Wachovia Bank, now Wells Fargo, agreed to pay about $150 million to settle charges that former employees rigged bids for the reinvestment of $9 billion in bond proceeds between 1998 and 2004, guaranteeing Wachovia excess profits at the expense of cities, towns, and other borrowers, federal and state authorities said Thursday
The settlement requires Wachovia to pay millions in restitution to borrowers in 25 states. That figure includes $5.3 million to roughly 150 Pennsylvania municipalities and agencies, including the Pennsylvania Turnpike Commission, the Philadelphia Parking Authority, and more than a dozen school districts, State Attorney General Linda Kelly said.
When cities, agencies, and other municipal entities sell bonds to pay for construction of a parking garage, a dormitory, or a sewage plant, they generally do not immediately use all of the money. Instead, they invest it with the goals of earning a modest return and having access to the money when they need it for the project.
This is the area where Wachovia and other big financial companies - J.P. Morgan Securities L.L.C., UBS Financial Services Inc., and Banc of America Securities L.L.C., which previously reached settlements with the Securities and Exchange Commission and other authorities - allegedly engaged in a massive scheme to defraud borrowers.
The SEC alleged that Wachovia won bids through "last looks," in which it obtained information from bidding agents about competing bids, and other unfair practices.
In a statement, Wachovia said it was glad the investigation was settled, and summarized payments: "$8.9 million to the IRS; $46.075 million to the SEC, $34.518 million to the OCC [the federal Office of the Comptroller of the Currency]; and an additional $58.75 million to the state Attorneys General."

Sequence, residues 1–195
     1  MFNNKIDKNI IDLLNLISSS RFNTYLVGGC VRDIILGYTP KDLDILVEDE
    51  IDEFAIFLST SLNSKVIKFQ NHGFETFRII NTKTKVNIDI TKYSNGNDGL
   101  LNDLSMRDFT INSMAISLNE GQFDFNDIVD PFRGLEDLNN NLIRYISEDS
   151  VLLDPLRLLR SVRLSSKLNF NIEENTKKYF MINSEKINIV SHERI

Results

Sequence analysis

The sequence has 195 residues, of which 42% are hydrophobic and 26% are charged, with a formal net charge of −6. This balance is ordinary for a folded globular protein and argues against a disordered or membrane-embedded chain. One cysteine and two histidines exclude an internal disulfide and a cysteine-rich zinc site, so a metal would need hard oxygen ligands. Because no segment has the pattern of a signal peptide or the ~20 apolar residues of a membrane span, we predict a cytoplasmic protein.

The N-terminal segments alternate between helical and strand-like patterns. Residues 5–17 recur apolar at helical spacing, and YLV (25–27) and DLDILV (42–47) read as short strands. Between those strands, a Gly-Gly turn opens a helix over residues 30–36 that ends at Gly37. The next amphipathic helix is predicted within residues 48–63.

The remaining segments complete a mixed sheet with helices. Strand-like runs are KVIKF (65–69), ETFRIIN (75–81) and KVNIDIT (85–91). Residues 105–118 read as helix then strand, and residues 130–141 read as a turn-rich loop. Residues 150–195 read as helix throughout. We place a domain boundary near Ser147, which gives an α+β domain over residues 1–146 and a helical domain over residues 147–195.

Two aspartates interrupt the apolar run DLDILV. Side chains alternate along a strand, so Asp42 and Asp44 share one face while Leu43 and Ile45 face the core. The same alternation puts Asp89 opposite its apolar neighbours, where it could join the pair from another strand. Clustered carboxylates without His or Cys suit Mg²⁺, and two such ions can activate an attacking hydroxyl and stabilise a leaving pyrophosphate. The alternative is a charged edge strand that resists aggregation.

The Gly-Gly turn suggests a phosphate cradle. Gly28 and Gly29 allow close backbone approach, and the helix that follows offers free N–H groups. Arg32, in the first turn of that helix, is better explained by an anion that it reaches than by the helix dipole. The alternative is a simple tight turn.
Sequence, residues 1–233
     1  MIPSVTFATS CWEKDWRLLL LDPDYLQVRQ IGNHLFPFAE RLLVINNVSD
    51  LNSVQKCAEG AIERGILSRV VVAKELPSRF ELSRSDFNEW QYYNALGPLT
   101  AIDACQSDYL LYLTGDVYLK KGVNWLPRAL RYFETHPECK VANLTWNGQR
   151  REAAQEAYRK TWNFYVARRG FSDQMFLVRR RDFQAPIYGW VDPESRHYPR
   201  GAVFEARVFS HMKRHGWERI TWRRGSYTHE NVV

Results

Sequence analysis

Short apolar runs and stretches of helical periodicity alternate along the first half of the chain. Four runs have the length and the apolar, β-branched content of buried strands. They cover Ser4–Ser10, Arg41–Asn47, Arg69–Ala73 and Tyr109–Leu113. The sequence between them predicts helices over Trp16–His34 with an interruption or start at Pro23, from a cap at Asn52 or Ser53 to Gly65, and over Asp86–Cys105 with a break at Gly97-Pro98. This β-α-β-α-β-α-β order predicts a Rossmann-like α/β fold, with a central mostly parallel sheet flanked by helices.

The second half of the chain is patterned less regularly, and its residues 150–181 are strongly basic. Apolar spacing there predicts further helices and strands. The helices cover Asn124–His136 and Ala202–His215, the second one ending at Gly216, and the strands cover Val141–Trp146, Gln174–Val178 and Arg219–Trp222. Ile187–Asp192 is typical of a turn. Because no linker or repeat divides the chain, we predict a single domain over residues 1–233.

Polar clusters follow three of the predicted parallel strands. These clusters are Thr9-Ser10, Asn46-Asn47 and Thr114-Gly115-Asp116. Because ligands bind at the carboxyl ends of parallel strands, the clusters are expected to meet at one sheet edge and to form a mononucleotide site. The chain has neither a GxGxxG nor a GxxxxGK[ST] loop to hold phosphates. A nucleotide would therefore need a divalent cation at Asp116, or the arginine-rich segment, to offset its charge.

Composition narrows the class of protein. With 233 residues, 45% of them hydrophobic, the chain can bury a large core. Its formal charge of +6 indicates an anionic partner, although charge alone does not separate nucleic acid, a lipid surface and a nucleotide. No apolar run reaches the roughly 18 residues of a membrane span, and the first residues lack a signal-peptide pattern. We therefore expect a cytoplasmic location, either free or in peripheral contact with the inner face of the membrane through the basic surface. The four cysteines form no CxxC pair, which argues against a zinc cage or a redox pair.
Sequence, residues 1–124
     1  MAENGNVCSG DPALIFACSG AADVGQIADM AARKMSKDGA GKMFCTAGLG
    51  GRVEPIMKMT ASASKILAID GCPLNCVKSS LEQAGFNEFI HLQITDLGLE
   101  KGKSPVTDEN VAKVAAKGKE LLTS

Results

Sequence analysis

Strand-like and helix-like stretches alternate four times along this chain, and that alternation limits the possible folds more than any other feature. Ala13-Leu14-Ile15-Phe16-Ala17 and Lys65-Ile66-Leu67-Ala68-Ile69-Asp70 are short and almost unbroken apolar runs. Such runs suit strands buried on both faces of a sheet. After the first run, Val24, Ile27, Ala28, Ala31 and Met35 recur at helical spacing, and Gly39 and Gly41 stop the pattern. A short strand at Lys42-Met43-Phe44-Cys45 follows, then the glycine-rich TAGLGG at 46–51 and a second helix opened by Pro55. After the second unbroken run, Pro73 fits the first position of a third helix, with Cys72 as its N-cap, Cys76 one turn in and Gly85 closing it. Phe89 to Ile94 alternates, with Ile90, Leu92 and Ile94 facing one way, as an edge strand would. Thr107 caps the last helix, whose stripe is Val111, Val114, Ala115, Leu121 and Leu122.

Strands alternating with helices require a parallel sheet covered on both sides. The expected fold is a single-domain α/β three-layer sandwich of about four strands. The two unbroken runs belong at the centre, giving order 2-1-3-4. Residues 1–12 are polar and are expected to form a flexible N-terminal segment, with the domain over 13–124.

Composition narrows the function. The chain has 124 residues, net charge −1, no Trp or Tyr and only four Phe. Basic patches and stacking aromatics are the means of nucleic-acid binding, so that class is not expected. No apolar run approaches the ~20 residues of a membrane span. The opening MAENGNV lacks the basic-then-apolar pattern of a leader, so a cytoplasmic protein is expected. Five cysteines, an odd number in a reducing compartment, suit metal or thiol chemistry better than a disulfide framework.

Wells Fargo also said that "the payments will not have an adverse effect on Wells Fargo's financial results and the settlement will not adversely affect the conduct of any current business of Wells Fargo."
Previously, Wells Fargo said, it had settled, subject to court approval, a related civil lawsuit U.S. District Court for the Southern District of New York for $37 million.
Among the borrowers in that case was Kendal on Hudson Inc., a continuing-care retirement community in Sleepy Hollow, N.Y., that is affiliated with Kendal Corp. in Kennett Square. Kendal on Hudson is due $113,838 in restitution from Wachovia's settlement with the Office of the Comptroller of the Currency, another of the several agreements released Thursday.
Other borrowers on the comptroller's list of 42 payments include the Pennsylvania Higher Education Facilities Authority ($931,199), Philadelphia ($137,923), and North Wales ($583,645).
When contacted Thursday, North Wales Borough Manager Nate Dysard said he had not heard of the settlement. "If it's true, it would be a good thing," he said.
A longer list of borrowers will be made public after a federal judge in New Jersey approves the SEC settlement.